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Sci Rep. 2017 Jun 27;7(1):4305. doi: 10.1038/s41598-017-04677-7.

Brain activity changes in a macaque model of oxaliplatin-induced neuropathic cold hypersensitivity.

Author information

1
Human Informatics Research Institute, National Institute of Advanced Industrial Science and Technology (AIST), Tsukuba, Ibaraki, 305-8568, Japan.
2
Graduate School of Comprehensive Human Sciences, University of Tsukuba, Tsukuba, Ibaraki, 305-8577, Japan.
3
Pharmacology Group, Hamamatsu Pharma Research, Inc., Hamamatsu, Shizuoka, 431-2103, Japan.
4
Human Informatics Research Institute, National Institute of Advanced Industrial Science and Technology (AIST), Tsukuba, Ibaraki, 305-8568, Japan. n.higo@aist.go.jp.

Abstract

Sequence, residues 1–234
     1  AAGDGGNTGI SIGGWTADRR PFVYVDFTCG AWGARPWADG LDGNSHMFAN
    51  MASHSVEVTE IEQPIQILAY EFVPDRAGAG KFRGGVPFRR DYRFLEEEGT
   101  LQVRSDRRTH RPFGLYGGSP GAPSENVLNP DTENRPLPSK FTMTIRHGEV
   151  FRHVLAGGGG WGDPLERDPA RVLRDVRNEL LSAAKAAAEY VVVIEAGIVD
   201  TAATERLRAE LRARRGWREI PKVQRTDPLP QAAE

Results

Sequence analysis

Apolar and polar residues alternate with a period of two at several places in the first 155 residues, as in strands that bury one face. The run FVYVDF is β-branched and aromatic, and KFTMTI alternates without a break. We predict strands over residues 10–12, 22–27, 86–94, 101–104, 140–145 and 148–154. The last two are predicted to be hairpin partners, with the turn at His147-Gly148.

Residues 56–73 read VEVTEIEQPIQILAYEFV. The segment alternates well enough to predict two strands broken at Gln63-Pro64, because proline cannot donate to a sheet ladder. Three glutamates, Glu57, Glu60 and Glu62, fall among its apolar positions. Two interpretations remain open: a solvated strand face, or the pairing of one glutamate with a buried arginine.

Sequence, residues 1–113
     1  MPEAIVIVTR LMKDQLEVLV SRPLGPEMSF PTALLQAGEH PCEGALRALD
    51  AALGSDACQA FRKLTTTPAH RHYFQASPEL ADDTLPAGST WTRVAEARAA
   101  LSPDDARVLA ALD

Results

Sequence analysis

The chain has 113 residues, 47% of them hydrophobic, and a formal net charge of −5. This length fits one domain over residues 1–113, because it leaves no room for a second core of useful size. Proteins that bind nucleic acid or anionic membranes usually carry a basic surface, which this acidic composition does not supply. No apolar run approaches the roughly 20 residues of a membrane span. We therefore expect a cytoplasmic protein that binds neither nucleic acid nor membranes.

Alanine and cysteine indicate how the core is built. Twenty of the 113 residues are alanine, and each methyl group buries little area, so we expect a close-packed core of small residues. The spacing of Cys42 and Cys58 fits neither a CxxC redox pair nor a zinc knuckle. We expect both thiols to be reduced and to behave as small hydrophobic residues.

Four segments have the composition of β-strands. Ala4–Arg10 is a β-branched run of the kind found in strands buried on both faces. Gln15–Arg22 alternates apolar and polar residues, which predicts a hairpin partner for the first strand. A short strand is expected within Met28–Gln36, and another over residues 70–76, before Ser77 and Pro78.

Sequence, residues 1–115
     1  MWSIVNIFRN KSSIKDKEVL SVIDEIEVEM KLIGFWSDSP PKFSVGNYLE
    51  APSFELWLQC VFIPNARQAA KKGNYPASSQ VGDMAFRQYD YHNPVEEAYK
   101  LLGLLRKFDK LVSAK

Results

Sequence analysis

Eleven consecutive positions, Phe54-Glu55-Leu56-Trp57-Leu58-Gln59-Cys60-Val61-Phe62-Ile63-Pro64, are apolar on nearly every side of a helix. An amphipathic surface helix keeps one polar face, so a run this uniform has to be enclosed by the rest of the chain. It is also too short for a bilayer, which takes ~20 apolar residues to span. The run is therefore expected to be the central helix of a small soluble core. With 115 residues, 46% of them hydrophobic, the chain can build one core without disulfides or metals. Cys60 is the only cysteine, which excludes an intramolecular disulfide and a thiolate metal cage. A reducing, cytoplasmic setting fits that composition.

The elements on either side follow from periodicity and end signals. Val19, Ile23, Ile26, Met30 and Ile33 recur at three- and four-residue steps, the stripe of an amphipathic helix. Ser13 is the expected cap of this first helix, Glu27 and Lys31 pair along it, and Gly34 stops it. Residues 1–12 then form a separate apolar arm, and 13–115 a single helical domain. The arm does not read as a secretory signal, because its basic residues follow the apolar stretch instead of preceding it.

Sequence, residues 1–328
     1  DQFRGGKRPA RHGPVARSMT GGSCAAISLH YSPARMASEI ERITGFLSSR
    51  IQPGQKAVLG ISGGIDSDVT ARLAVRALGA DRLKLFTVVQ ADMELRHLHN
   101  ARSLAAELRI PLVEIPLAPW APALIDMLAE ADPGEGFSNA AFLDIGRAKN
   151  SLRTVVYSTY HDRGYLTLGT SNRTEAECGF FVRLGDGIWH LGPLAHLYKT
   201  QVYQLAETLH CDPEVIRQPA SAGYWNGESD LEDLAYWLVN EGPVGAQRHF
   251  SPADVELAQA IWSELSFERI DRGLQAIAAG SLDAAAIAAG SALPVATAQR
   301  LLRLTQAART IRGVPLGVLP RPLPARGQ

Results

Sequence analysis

The antineoplastic agent oxaliplatin induces a painful peripheral neuropathy characterized by an acute cold hypersensitivity. There is a lack of effective treatments to manage oxaliplatin-induced cold hypersensitivity which is due, in part, to a lack of understanding of the pathophysiology of oxaliplatin-induced cold hypersensitivity. Thus, brain activity in oxaliplatin-treated macaques was examined using functional magnetic resonance imaging (fMRI). Oxaliplatin treatment reduced tail withdrawal latency to a cold (10 °C) stimulus, indicating cold hypersensitivity and increased activation in the secondary somatosensory cortex (SII) and the anterior insular cortex (Ins) was observed. By contrast, no activation was observed in these areas following cold stimulation in untreated macaques. Systemic treatment with an antinociceptive dose of the serotonergic-noradrenergic reuptake inhibitor duloxetine decreased SII and Ins activity. Pharmacological inactivation of SII and Ins activity by microinjection of the GABAA receptor agonist muscimol increased tail withdrawal latency. The current findings indicate that SII/Ins activity is a potential mediator of oxaliplatin-induced cold hypersensitivity.

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